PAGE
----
With an invasion of her country imminent, Tipper Schope is drawn into a mission to keep three important statues from falling into the enemy’s clutches. Her friend, the artist Bealomondore, helps her execute the plan, and along the way he learns to brandish a sword rather than a paintbrush.
As odd disappearances and a rash of volatile behavior sweep Chiril, no one is safe. A terrible danger has made his vicious presence known: The Grawl, a hunter unlike any creature encountered before.
To restore their country, Tipper, Bealomondore, and their party must hide the statues in the Valley of the Dragons and find a way to defeat the invading army. When it falls to the artistic Bealomondore to wield his sword as powerfully and naturally as a paintbrush, will he answer Wulder’s call for a champion?
Dragons of the Valley is a Christian novel set in the fantasy world of Chiril, a land that desires peace but has no true knowledge of the Peacemaker, Wulder. As war invades the kingdom, it is up to a few brave souls to pull the country together and face the merciless foe. Along the way, they each learn more about Wulder, the God who has recently been reintroduced to the country in peril. Through His wisdom and strength, the heroes and heroines face the enemy and come out victorious in the end.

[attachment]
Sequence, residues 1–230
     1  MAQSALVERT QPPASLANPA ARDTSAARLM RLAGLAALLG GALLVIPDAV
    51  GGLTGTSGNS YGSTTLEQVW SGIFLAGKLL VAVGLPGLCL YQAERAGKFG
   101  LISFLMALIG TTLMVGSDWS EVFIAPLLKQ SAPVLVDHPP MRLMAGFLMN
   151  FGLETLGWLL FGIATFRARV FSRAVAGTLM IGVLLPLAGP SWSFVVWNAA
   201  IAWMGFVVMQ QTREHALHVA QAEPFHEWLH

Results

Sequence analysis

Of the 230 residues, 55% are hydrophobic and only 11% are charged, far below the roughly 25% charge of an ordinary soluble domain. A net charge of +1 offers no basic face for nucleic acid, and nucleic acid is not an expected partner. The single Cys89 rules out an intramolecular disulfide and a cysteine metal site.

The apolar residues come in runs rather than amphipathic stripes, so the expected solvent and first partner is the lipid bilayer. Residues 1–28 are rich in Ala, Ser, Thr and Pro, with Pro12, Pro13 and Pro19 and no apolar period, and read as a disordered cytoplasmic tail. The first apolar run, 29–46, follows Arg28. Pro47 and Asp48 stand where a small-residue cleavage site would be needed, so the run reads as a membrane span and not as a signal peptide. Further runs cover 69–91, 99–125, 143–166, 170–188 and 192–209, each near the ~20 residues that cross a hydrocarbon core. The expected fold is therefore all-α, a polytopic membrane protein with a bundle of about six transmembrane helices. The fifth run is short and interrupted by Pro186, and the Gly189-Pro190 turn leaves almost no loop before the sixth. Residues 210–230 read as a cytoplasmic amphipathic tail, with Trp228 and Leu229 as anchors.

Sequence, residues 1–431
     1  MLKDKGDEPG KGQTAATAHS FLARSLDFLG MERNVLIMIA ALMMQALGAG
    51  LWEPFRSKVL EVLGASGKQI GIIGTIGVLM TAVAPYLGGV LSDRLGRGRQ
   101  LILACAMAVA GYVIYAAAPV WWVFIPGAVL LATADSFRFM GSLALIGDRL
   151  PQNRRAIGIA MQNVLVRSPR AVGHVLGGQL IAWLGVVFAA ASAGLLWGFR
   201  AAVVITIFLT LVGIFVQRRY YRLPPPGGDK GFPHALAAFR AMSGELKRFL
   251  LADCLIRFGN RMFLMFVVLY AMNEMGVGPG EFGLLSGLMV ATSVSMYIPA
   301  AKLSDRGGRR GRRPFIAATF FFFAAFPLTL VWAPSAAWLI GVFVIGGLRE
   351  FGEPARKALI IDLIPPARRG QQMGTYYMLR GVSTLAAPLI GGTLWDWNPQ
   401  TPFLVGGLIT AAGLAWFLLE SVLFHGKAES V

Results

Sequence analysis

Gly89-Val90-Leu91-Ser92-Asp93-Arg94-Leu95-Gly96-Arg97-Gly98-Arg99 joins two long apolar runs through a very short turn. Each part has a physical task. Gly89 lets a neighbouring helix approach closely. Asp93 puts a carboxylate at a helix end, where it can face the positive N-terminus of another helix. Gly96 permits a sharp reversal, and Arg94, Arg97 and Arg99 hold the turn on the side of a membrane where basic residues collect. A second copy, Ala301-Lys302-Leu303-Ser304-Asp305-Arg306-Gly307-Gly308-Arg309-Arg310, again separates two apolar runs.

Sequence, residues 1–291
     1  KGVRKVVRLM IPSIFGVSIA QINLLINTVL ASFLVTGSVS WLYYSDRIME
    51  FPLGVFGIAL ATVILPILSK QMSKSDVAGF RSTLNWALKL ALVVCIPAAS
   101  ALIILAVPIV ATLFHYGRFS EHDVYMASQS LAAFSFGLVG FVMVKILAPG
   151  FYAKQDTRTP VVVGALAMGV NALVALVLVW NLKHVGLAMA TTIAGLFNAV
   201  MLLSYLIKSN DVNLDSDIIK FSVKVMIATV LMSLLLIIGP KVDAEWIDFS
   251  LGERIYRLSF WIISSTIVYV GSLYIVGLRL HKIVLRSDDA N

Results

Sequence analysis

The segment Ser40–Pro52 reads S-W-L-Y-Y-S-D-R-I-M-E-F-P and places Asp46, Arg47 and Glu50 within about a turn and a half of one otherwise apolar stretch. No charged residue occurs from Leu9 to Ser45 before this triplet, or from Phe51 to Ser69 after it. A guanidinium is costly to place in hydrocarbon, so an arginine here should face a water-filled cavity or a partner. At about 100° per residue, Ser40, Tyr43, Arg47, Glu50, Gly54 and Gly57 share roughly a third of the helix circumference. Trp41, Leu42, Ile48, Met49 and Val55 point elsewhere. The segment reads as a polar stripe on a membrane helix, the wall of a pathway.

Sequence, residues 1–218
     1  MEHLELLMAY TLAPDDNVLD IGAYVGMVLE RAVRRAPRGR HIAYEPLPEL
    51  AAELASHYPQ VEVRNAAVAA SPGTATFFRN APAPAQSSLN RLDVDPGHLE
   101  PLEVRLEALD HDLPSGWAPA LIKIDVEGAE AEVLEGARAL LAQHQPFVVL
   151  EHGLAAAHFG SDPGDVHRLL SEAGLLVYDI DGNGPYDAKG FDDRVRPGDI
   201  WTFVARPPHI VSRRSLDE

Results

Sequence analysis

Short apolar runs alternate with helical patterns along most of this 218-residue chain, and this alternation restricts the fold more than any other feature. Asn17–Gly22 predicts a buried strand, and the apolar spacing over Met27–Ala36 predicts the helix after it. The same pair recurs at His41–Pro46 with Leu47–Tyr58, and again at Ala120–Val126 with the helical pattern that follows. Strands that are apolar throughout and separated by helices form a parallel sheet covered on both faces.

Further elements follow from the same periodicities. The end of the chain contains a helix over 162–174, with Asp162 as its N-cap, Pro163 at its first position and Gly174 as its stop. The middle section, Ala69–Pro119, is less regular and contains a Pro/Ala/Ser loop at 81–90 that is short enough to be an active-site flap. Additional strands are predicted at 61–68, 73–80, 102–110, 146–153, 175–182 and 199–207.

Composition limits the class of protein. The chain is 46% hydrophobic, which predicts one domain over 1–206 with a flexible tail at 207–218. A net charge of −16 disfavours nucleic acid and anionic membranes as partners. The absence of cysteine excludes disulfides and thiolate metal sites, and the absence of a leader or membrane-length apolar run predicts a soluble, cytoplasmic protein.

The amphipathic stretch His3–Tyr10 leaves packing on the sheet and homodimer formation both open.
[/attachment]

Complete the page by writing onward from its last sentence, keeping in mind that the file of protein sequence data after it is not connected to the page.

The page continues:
Dragons of the Valley is the second book in a new series by Donita K. Paul. The tagline on the book states, "A fantastic journey of discovery for all ages," and I'm inclined to agree. Whether you're 14 or 40, this is a tale to be enjoyed. The characters are so animated and detailed, from the eccentric Lady Peg to the feisty Tipper. Throughout the story, the reader can't help but fall in love with the endearing characters.
While the story can be read on its own, I highly suggest reading the first book, The Vanishing Sculptor, before reading this one. It really helps to pull things together and makes the overall plot much easier to understand.
For the most part, the story is very easy to read and follow. My only qualm is that the author throws in a lot of secondary characters and spaces them out in the story so that by the time you come back to them again, you've forgotten who they are. In addition, the names of many of the characters are complicated to read and pronounce, not to mention sounding similar to other names in the story. Until I got a ways into the story, this presented some confusion.
Nevertheless, if you love fantastical tales of dragons, wizards, and knights, you'll love Dragons of the Valley. The story is truly an enjoyable tale, woven through with strands of Biblical truth.
I received this book for free from WaterBrook Multnomah Publishing Group in exchange for my honest review.